Five first-time buyer schemes that help you buy a home cheaply | The Sun

Five first-time buyer schemes that help you buy a home cheaply | The Sun

THE end of Help to Buy is a blow for many aspiring home buyers trying to get on the property ladder – but other schemes could plug the gap.  

The government-backed equity loan finally ends on March 31 and has already closed to new applicants.  

Anyone who feels they missed out and is grappling to save a deposit or afford a mortgage should look closer at some of the alternative initiatives designed to boost ownership.

Jane King, mortgage adviser at Ash-Ridge Private Finance, said: “All schemes have their advantages and disadvantages so it’s worth taking advice on all of them before choosing the most suitable one for you.”

Here are some of the schemes aiming to give first-time buyers a helping hand.

The Mortgage Guarantee Scheme

Buyers with a small deposit of five per cent can use the government’s mortgage guarantee scheme to get a 95 per cent loan to value (LTV) mortgage.

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The initiative was originally due to finish at the end of 2022 but has been extended by another year. You now have until December 31, 2023 to take advantage.

Under the scheme, the government covers some of a lender’s losses if a borrower defaults on the loan and the property is repossessed. The backing gives banks more confidence to offer loans to those with small deposits.

First-time buyers can use the scheme as well as home movers – but the property you want to buy must be below £600,000.

Shared Ownership

If you are unable to save a deposit needed to buy a home or can’t afford the mortgage payments, Shared Ownership could be worth a closer look.

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The government-backed scheme allows people to buy a portion of a property and pay rent to a landlord on the rest.

Buying a share of a property means the deposit and mortgage payments are smaller than if you were buying the whole lot. However, you will need to be able to afford both the rent and the mortgage repayments.

You can buy more shares of the home as when you are able to – a process known as staircasing – until you own the property outright.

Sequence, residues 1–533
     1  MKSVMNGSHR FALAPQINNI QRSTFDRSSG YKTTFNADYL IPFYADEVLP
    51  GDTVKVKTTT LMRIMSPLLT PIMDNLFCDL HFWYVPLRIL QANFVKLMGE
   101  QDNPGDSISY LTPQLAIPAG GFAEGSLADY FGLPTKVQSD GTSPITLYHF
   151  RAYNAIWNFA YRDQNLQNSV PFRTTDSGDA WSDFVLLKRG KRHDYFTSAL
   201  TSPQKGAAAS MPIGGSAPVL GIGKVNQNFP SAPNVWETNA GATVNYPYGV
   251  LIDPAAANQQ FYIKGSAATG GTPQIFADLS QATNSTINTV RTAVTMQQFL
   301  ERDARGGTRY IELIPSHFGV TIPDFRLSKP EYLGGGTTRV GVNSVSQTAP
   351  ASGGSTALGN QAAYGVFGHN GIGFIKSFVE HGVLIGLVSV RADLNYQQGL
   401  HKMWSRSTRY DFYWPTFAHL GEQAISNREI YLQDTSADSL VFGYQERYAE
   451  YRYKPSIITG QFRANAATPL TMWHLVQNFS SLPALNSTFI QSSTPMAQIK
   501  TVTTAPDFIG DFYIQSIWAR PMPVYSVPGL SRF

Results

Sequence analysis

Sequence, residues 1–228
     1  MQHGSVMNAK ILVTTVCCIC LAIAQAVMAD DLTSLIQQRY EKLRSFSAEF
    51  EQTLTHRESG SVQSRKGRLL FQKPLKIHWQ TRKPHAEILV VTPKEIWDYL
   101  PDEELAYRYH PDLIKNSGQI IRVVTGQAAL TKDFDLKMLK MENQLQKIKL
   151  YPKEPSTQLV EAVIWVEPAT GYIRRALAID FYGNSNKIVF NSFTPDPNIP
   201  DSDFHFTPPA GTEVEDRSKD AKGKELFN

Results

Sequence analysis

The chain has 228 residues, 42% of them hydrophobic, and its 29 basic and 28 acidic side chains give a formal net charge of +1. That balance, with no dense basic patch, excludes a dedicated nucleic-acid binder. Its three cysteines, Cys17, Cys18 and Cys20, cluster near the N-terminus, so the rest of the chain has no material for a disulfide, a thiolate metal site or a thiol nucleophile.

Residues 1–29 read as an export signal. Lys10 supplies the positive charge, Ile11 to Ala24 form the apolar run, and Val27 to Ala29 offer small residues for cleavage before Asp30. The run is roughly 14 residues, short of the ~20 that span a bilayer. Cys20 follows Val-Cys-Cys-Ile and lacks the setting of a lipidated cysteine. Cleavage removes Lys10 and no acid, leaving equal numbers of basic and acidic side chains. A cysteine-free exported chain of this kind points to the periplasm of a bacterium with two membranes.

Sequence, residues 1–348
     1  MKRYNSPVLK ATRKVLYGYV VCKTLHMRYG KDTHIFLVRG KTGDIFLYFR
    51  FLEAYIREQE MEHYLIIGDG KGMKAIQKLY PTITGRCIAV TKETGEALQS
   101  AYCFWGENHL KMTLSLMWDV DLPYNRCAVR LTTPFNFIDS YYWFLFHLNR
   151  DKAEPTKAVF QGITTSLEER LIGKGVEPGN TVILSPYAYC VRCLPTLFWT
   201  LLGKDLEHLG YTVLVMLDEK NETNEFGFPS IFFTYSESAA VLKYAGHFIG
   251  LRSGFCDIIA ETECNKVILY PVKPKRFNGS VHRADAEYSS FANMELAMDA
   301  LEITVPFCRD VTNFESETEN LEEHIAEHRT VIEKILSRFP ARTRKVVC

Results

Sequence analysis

Or if you want to move you can resell your share of the property.

For some Shared Ownership homes, you may have to show you have a job or links with the area where you want to buy.

Deposit boosters

The end of Help to Buy has prompted a flurry of private companies to offer a similar style equity loan. Even, OnLadder, Proportunity and Ahuaz are some of the new firms that have cropped up.

As with Help to Buy, these firms will loan you around 20 per cent of the purchase price to be used as a deposit on a property. Usually, you will also be need to contribute a deposit of at least five per cent.

An equity loan means the company takes a percentage stake in the home and share any price gains when it comes to sell.

If the home’s value has fallen, the loan provider will also share the losses.

Not all mortgage lenders accept so-called deposit boosters, so your choice of loans may be limited.

And unlike Help to Buy some of these loans also charge interest or may increase the percentage stake over time, which needs to be taken into consideration.

The First Homes Scheme

First-time buyers can bag a home with a discount of up to 50 per cent using this government scheme.

The home’s discount will stay with the property forever and you won’t be able to cash in on the saving when it comes to selling.

To access the scheme, you will need to have a deposit worth at least five per cent of the discounted purchase price and earn less than £80,000 a year or £90,000 in London.

Local councils may also add further rules such as a local connection or reserving the properties for key workers only.

First Homes is usually offered on a small number of properties within new developments, so you will need to look for local builders advertising the scheme and apply through them.

Guarantor and family deposit mortgages

Mortgage lenders are trying to boost home ownership by finding more ways to allow family members to support hopeful buyers.

For example, Barclays’ Family Springboard Mortgage allows buyers to get a home without saving a deposit at all when a family member or friend puts up savings worth 10 per cent of the purchase price. The money is returned to the helper after five years as long as the mortgage payments are kept up.

Generation Home is another innovative lender that allows family members to boost deposits either as a loan or a gift.

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And more lenders are offering deals known as Joint Borrower Sole Proprietor. Under these mortgages, the income of another person can be used to boost affordability. The additional applicant is liable for the mortgage, but they do not own the home.

Getting family help requires a large degree of trust and it is a good idea to work out a plan of what would happen if the buyer struggles to repay the mortgage. 

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